Since Calvinism is an important part of Puritanism this synod where TULIP was formalized could be added. According to the WP Synod of Dort the following Englishmen attended:George Carleton (1559–1628), Joseph Hall (1574–1657), Thomas Goad (1576–1638), John Davenant (1576–1641), Walter Balcanqual (1586–1645), Samuel Ward (1572-1643). And finally the section deleted from Puritan/Demonology Puritans took a non-literal view of the Harrowing of Hell, in the "Descensus controversy" of the late 16th century and early 17th century. The orthodox view of the Church of England was represented by Thomas Bilson, interpreting the Apostle's Creed literally on this point; he was supported by Richard Parkes in this matter, in controversy with Andrew Willet and his Limbomastix, who took the non-literal line going back to Calvin, but also adopted by Catholic controversialists. This issue then came up at the Synod of Dort, where it was the unique instance of a point of doctrine at that time distinguishing Anglican beliefs from the generality of Reformed orthodoxy.[1] could be used here. I hope this is of some use. Nitpyck (talk) 22:23, 21 April 2010 (UTC)

Proposed split[edit]

The article is now very long, and splitting seems a reasonable idea. The most natural way would be by monarch (Elizabeth, James, Charles, post-1649) to give four articles, each of which would amount to more than 32K. There might be more to do after that, but how would that be as a start? Charles Matthews (talk) 07:55, 23 April 2010 (UTC)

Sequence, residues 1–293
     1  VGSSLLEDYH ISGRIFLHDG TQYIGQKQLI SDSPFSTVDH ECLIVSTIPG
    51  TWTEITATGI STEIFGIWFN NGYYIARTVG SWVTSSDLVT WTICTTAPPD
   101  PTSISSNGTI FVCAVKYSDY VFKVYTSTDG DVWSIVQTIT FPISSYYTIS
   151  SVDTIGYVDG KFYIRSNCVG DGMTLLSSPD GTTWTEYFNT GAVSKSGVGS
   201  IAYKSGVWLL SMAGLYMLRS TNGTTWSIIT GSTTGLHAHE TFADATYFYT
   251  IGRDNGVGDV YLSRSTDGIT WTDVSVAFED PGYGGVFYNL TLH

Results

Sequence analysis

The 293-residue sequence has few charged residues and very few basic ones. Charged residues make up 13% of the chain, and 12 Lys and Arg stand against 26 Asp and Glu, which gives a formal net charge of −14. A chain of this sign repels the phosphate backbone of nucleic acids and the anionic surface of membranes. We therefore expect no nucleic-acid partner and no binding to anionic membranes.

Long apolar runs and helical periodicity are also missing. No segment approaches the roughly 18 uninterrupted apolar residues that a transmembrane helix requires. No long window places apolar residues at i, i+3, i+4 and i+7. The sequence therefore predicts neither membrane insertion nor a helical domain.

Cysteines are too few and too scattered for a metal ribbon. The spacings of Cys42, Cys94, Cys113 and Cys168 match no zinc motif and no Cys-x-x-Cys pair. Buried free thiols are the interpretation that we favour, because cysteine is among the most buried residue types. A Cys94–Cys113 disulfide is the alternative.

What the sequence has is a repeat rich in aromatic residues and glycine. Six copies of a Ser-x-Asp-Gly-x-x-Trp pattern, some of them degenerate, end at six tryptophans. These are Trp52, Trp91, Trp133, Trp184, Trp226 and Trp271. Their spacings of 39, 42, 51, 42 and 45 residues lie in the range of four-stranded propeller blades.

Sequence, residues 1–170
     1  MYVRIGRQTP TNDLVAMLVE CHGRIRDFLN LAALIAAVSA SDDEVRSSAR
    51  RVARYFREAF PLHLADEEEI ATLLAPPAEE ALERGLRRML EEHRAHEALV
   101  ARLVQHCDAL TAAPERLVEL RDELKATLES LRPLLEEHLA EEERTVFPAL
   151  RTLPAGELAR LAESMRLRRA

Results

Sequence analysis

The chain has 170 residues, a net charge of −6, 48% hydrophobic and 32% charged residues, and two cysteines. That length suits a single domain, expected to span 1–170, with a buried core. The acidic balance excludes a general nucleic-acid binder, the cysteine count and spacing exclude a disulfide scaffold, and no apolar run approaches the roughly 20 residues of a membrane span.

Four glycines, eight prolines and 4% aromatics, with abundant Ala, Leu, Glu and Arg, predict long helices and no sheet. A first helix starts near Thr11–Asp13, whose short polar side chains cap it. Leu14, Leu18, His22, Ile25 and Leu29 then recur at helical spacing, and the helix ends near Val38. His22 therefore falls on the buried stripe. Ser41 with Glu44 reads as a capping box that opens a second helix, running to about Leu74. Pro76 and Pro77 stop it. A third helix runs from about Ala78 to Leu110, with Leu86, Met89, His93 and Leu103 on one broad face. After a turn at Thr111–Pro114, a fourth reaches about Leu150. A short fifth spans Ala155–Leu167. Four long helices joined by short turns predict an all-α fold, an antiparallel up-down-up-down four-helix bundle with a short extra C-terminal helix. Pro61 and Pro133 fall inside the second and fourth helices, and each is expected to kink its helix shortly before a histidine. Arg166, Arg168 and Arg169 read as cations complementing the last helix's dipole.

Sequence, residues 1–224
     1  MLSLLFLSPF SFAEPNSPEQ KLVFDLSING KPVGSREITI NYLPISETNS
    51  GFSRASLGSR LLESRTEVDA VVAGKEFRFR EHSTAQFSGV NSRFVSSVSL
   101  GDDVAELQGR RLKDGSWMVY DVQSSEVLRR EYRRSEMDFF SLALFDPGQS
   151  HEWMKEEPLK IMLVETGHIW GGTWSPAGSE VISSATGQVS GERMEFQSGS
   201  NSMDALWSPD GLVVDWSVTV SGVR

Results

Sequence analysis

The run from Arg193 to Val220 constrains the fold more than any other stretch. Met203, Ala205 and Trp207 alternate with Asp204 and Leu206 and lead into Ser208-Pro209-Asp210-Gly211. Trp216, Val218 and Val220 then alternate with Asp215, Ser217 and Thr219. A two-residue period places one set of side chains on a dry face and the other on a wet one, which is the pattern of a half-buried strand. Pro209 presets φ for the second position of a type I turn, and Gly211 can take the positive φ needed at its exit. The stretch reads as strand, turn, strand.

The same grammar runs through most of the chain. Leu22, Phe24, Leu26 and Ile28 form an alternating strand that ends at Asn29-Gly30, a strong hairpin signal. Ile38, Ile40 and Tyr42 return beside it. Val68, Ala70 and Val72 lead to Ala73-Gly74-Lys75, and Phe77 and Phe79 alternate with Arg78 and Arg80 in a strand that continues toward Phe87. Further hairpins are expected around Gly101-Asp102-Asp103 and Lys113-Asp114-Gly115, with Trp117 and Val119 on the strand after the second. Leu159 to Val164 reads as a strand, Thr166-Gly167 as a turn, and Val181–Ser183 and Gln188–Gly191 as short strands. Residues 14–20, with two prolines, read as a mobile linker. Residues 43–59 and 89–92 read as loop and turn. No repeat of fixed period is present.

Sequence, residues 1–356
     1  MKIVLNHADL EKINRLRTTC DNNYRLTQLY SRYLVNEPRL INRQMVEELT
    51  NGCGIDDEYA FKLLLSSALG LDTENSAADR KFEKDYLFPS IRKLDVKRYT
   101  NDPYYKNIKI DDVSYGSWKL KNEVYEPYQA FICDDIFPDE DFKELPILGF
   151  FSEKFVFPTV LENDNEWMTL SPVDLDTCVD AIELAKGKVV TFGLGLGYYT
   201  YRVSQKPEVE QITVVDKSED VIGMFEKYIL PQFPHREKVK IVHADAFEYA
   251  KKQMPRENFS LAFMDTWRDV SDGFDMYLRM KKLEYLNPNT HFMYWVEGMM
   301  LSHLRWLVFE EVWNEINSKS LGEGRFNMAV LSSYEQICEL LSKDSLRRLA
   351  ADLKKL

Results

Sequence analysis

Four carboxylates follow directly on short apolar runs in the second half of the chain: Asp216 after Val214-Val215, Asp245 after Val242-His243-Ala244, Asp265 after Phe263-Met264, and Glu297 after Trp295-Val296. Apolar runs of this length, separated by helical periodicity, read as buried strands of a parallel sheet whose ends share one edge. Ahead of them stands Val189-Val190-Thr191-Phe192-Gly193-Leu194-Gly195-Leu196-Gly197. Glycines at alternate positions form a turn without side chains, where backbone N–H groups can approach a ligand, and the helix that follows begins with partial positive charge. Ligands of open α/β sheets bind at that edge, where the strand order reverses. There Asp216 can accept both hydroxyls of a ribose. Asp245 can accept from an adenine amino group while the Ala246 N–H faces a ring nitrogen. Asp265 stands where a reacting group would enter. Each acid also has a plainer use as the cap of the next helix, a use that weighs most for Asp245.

I'm going to implement the split. The template has been there for a year, and I read no objections here. Charles Matthews (talk) 07:13, 26 April 2010 (UTC)
Done, see page. But History of the Puritans under Charles I turns out to be longer than all the others put together: over 100K. Charles Matthews (talk) 08:59, 26 April 2010 (UTC)
There are other problems with this. This paragraph was my contribution to the article:

Puritan settlement in Virginia Colony (1618) One small group of Puritans had already settled in Warrascoyack County in the Virginia Colony, beginning in 1618 with Christopher Lawne who established a plantation at Lawne's Creek. He died the following year, but several other prominent Puritan merchants soon emigrated there, including the Bennett family of Somerset. Under the leadership of Richard Bennett, the community moved from Warrascoyack to neighboring Nansemond beginning in 1635, then sought temporary refuge in Maryland in 1648. They returned to Virginia when the "Roundheads" appointed Bennett as governor there in 1652; later, in 1672, all of them, including Bennett, converted to the Quaker faith upon meeting its founder, George Fox.

Now I hardly knew which new section to look for it in, but finally found it under "...James I" even though not much had happened there before 1625, only a very little. Til Eulenspiegel (talk) 11:05, 26 April 2010 (UTC)
Yes, there are still issues. On the other hand the standard narrative of the Puritan emigration connects the movement of people to the religious policy of the English monarch of the time (whether they emigrated from England or the Netherlands). Obviously that section was sorted by the date 1618. In fact it is the kind of topic where one would look to have a detailed article elsewhere, and use {{details}} to link to that. Charles Matthews (talk) 13:03, 26 April 2010 (UTC)
    • ^ Jean-Louis Quantin, The Church of England and Christian Antiquity: The Construction of a Confessional Identity in the 17th Century (2009), 114-130.